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Digital Nomads: Here to Stay? 

January 14, 2022 Coronavirus (Covid-19), Headline News No Comments

When the pandemic all but shut down the world, offices closed, restaurants and gyms were locked up, and travel came to a standstill to forestall the spread of the disease and reduce the impact on medical facilities. Everyone had to make adjustments. 

One of the adjustments was the expanded opportunity to live the digital nomad life. “When COVID-19 forced employers to go remote, it opened up the possibility of a nomadic lifestyle to entirely new groups of people,” according to an NBC News report.

Like many others, I had to make changes. Governments everywhere were starting to mandate work from home. I had an opportunity to relocate and returned to my home country in Singapore. After five months, my partner and I started travelling and working throughout Europe.

Digital nomads – people using technology to work remotely from anywhere in the world – are not new. Steve Roberts is the original digital nomad. He published his “technomadic” lifestyle in Popular Computing Magazine in 1984. He called his on-the-road lifestyle a common yearning for independence and self-determination. It’s a universal lust…for freedom,” he said.

Boosted by the pandemic, digital nomadism was on the rise before coronavirus. According to research, Americans self-describing as digital nomads rose by 49%, from 7.3 million in 2019 to 10.9 million in 2020. The recent surge is coming from people holding traditional office jobs. “Traditional jobholders now make up a majority of those pursuing this nontraditional work lifestyle,” according to the study.

The digital nomad life is not without its challenges.

I like the flexibility, the control and the integration of work and life. On the flip side, the instability is difficult because of the lack of feeling grounded. Since the pandemic, I have visited nine different cities in five countries.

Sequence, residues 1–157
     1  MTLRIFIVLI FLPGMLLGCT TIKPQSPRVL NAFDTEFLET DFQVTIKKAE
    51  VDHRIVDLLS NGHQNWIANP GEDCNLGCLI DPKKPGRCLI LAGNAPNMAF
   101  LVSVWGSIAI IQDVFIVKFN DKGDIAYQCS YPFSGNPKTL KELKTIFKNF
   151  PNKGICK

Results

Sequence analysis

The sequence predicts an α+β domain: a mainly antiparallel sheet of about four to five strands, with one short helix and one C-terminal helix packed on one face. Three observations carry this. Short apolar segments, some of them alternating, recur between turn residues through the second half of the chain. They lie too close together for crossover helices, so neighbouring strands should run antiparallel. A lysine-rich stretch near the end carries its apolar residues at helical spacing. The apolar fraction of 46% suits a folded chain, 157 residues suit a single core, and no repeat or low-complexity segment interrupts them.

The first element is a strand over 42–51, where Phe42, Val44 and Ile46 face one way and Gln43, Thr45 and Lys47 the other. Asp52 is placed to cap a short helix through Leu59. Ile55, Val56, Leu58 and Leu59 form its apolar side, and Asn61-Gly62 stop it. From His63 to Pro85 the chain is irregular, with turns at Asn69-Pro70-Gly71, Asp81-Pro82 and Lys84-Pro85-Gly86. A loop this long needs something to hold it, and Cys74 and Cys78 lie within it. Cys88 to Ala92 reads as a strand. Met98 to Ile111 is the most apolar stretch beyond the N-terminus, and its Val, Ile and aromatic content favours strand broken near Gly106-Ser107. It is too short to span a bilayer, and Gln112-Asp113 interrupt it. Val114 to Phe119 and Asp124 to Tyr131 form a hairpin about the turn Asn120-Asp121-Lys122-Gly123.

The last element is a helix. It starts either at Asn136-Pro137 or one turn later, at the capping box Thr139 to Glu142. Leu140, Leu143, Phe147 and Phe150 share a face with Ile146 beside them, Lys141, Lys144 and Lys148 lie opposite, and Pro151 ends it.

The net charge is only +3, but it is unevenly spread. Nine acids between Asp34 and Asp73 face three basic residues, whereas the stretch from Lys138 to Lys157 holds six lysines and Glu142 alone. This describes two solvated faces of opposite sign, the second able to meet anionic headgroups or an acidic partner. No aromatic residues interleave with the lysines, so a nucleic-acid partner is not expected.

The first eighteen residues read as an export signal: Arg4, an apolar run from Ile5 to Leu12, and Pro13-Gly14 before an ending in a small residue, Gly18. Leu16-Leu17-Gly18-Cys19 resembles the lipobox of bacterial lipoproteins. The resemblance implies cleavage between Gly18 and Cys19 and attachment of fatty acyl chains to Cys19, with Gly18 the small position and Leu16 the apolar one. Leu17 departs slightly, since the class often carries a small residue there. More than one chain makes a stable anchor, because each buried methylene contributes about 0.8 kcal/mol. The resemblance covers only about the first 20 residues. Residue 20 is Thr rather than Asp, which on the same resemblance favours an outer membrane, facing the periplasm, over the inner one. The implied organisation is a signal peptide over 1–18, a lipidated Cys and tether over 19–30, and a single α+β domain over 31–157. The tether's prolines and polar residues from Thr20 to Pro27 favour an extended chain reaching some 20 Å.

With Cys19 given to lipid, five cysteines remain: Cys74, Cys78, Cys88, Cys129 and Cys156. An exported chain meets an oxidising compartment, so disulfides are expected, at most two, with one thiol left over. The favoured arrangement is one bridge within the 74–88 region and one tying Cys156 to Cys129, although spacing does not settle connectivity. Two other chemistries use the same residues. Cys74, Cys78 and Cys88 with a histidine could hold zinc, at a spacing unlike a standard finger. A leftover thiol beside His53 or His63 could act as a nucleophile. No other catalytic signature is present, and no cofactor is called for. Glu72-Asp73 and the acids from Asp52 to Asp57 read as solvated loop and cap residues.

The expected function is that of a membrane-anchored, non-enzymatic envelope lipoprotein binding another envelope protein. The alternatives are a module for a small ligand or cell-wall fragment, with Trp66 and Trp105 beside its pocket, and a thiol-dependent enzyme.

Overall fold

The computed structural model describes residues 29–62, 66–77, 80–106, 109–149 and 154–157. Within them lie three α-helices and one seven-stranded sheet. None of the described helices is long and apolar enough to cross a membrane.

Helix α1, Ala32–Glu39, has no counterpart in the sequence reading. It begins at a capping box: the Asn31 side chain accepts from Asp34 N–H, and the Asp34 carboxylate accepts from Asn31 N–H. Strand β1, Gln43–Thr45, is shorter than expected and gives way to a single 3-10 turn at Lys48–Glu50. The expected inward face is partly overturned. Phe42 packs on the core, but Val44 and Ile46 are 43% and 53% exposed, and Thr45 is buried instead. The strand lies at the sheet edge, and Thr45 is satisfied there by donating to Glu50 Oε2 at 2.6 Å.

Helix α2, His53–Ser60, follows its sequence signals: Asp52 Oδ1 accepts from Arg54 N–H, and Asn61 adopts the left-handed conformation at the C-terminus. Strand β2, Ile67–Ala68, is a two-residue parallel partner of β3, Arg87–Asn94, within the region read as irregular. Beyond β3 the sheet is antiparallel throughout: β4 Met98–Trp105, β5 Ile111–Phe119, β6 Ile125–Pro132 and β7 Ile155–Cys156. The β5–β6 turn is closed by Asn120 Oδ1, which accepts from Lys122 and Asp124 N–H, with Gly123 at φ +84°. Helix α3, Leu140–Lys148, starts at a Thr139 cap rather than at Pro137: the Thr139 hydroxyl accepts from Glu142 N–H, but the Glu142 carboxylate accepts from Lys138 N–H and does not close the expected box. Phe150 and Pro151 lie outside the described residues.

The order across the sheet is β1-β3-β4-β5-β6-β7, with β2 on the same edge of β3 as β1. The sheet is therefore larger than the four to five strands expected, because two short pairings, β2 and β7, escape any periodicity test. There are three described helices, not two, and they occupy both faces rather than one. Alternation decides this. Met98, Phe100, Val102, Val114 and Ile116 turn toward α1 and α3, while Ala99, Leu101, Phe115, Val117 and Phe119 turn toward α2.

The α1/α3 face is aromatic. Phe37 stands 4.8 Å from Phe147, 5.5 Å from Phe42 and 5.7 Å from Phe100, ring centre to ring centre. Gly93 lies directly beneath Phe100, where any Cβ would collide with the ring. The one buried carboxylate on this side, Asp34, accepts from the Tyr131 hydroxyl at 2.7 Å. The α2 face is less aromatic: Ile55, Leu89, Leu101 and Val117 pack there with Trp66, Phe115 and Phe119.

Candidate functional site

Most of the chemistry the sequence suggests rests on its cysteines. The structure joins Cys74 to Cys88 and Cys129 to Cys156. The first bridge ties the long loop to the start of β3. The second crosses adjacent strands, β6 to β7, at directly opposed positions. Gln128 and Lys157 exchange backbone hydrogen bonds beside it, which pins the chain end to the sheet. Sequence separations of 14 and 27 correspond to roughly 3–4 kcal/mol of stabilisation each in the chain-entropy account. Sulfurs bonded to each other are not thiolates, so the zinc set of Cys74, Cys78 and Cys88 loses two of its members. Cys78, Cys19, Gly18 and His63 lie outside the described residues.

One benefit of being a digital nomad is that you can spend hours intensively at work and then take a break to enjoy things without feeling you are stuck in an office environment. But you have to be disciplined. It is easy to get lazy. You must keep to a routine, even when travelling.

A successful digital nomad must be self-reliant. Researching everything — including technical capabilities, available lodging, travel requirements, health care and employer support — is imperative. Talk to your supervisors about your plans. Stay connected and keep your promise. Nothing is worse than breaking their trust because you failed to meet a deadline or stay connected.

Managing your health and safety as a digital nomad is different compared to vacationers, who travel for short periods, or ex-pats who are abroad in a single location for a year or more. Digital nomads may spend years abroad in multiple destinations, in many countries.

There are at least two types of health and safety protections digital nomads should consider, and both should include COVID-related services.

One is health care insurance. Your domestic health insurance plan probably does not provide coverage outside your home country, but check before you travel since a favourable answer could save you a lot of money. If you have Medicare, your coverage does not extend outside of the U.S.

The other type of protection is for travel crises and medical evacuation. If you get sick or injured anywhere in the world digital nomads need field rescue services that will come get them from the point of illness or injury, including for COVID-19, and medical evacuation if you need continued treatment or hospitalization in your home country.

Digital nomadism will continue to expand in a connected world but humans still have a desire for actual face-to-face interactions. The digital nomad trend will continue as business managers trust that productivity will meet or exceed past performance and employees realize the benefits of working remotely while travelling.

David Koo, a former combat medic and emergency nurse, is an associate director of operations for Global Rescue, the leading provider of medical, security, evacuation and travel risk management services, who become a digital nomad due to the pandemic. 

By David Koo

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